The third and possibly most dangerous factor in the value of a currency is the amount owned by other governments. The more USD a country like, let’s say China, owns, the higher the value of the currency. While the underlying principle of others seeing enough value to stockpile something makes it worthwhile is valid in general, there is also concern about their ability to change their minds. China owns so much USD that simply slowing, or stopping the purchase of more currency could hurt the value of the USD and the American economy. Should they turn around and decide to sell off most or all of what they own, it would result in a catastrophic devaluation of the USD that would cripple the economy.

There are reasons countries don’t do things like this, though, mainly because it would result in them now trying to sell a currency they just made virtually worthless and losing money on their investment. However, countries like China are notorious for manipulating the value of their currency, so it is difficult to tell at any given time what the Yuan is worth. If they buy USD with a Yuan artificially valued at 5x what it is really worth and then turn around and sell off their USD holdings, China could easily win an asymmetric currency war by sustaining less damage to their economy than what they inflicted on ours.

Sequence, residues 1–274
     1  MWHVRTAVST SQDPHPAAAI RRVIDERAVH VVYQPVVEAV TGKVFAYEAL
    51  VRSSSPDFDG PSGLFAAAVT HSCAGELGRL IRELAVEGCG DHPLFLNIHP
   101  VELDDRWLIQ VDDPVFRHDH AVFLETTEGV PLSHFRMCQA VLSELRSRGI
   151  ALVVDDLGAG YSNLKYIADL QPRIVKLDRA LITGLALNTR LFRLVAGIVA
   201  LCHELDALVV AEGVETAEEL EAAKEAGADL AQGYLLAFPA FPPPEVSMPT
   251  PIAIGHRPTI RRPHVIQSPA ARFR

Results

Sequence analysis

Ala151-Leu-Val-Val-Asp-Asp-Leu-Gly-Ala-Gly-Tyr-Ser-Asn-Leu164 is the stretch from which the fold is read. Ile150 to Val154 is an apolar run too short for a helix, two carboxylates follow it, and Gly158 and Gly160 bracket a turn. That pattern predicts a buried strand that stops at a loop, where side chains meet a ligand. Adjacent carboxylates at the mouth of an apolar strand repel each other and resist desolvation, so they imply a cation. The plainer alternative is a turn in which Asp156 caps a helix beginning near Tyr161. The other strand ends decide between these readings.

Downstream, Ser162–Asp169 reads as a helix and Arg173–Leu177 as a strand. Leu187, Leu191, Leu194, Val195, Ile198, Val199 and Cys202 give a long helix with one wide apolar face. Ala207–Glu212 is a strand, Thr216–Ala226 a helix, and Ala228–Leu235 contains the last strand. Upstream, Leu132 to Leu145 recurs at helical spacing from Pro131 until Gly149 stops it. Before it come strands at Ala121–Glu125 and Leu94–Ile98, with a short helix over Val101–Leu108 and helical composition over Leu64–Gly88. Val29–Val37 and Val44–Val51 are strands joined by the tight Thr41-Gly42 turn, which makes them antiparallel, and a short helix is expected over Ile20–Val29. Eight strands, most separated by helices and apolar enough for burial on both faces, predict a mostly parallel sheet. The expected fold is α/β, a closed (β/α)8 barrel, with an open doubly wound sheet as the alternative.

This concept has precedent in other factors of the global markets as well. OPEC, or the Organization of Petroleum Exporting Countries, routinely manipulates the global price of oil by using its substantial control of the overall supply on the market. If OPEC wants to crush a competing country, they simply increase the available supply until the price drops far enough to where their competition can no longer sustain production. Once the threat is eliminated, they can scale back demand and push prices higher than ever to recoup any money they may have lost.

If the thought of all the ways the USD can be controlled by external factors isn’t scary enough and doesn’t give pause to consider if it is worth what we think it is, then the possibility of everything valued in the USD being just as fleeting should be petrifying. One of the largest sources of wealth, or seemingly so, in this country and the world, is valued in almost identical ways to the value of currency. Yes, that is the stock market.